a fifty-some year old fisherman who survived the Maoist Khmer Rouge reign of
terror, words cannot adequately describe the tortures he endured. Yet, he is
compelled to silently testify, nonetheless. Despite the language barrier, Tut
conveys the horrors of his ordeal to filmmaker Alexandre Liebert in the short
documentary Scars of Cambodia (trailer here), which screens
during the 2014 Montreal World Film Festival.
is a fisherman in the coastal village of Kampot. He is a rugged man of dignity,
who was swept up in the genocidal Khmer Rouge machine that killed an estimated
twenty-one percent of the nation’s population. The titular “scars” are
metaphorical, but Tut also bears plenty of physical kind, still visible decades
Scars represents a somewhat
experimental approach to documentary filmmaking, but it succeeds on its own
terms. Tut rarely speaks and Liebert never subtitles him, yet his body language
is beyond eloquent. It becomes crystal clear Tut endured beatings, stabbings,
electrocution, and that favorite of torturers down through the ages—the old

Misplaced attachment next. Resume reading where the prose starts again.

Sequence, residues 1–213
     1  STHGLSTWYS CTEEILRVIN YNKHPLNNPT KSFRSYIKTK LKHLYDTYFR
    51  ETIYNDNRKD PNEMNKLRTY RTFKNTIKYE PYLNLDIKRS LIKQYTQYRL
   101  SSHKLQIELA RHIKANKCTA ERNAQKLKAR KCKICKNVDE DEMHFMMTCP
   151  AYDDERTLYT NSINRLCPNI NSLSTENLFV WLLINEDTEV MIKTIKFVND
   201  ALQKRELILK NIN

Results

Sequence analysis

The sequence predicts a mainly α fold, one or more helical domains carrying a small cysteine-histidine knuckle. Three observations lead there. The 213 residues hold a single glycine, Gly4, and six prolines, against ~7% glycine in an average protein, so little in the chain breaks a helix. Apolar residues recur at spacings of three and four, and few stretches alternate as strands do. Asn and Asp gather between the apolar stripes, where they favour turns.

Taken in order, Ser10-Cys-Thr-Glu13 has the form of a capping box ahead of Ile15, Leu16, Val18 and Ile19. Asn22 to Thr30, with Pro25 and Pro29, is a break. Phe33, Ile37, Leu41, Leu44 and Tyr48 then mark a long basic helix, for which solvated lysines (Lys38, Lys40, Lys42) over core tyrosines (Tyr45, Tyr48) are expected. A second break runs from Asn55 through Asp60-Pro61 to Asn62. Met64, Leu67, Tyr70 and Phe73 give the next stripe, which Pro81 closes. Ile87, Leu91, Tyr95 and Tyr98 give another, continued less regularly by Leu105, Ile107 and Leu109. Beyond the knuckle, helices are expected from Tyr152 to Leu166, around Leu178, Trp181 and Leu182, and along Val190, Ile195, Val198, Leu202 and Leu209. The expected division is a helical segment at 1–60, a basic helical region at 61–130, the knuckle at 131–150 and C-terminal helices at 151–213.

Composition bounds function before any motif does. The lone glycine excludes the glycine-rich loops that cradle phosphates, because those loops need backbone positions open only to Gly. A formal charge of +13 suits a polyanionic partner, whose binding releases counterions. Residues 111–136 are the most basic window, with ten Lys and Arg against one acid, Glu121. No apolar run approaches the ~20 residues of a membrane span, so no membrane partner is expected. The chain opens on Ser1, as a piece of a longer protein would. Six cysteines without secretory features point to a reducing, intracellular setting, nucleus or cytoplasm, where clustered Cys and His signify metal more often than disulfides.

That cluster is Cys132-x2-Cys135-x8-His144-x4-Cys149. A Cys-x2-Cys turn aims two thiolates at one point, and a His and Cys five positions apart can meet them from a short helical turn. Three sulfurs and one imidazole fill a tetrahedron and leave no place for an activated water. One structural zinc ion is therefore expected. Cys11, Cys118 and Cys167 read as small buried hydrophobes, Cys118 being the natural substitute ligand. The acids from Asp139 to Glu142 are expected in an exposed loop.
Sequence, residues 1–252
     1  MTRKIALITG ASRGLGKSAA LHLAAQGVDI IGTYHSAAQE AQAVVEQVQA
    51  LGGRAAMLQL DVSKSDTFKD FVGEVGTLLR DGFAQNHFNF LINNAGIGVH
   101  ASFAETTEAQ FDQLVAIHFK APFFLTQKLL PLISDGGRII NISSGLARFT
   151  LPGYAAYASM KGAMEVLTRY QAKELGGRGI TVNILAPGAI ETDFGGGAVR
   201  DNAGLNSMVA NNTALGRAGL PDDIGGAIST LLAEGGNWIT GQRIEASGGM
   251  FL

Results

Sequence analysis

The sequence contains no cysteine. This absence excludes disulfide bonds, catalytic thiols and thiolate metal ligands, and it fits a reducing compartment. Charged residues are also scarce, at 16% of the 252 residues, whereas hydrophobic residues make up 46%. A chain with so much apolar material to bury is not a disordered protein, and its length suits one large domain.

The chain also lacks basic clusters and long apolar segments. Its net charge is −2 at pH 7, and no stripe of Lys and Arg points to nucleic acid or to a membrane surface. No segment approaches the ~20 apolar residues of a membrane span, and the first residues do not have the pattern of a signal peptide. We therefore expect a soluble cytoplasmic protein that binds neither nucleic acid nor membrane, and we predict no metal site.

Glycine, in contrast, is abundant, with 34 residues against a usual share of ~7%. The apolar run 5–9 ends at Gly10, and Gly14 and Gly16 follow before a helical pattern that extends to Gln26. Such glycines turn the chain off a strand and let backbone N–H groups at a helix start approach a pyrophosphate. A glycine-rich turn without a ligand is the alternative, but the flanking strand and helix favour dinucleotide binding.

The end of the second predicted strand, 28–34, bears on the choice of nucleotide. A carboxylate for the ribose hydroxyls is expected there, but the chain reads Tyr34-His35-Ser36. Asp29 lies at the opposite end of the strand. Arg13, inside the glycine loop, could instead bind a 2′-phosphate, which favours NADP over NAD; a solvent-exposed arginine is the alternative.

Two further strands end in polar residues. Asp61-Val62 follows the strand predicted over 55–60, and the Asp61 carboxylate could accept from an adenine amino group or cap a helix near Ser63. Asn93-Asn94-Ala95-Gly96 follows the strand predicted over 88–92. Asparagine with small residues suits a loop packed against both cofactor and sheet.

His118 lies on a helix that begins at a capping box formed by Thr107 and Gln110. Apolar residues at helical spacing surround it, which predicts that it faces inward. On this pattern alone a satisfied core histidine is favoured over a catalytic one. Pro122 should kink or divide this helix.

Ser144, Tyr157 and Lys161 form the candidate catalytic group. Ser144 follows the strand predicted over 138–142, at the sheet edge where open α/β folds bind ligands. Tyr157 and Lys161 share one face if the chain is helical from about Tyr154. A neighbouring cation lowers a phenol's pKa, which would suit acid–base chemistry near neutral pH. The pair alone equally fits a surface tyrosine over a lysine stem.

pliers to the finger nails.
question, it is an act of courage on Tut’s part just to revisit these ghastly
memories. As some consolation for viewers, he now seems to be a respected
member of his community. Yet, the audience will be left with numerous
unanswered questions, especially considering Tut and his wife are probably old
enough to have a large extended family, yet it seems to be just the two of them
from what we can glean.
Although conceived as part of a larger
prospective web-documentary series and photo exhibit project, Scars ably stands on its own. It
probably should not be the first or last film anyone sees on the Khmer Rouge’s
socialist madness. Everyone really should initially have it initially spelled
out for them. Still, Scars of Cambodia is
an unusually powerful manifestation of non-verbal oral history. Highly
recommended, it screens Monday (8/25), Tuesday (8/26), and Wednesday (8/27)
during this year’s MWFF.
Labels: Cambodia, Documentary, MWFF '14, Short Films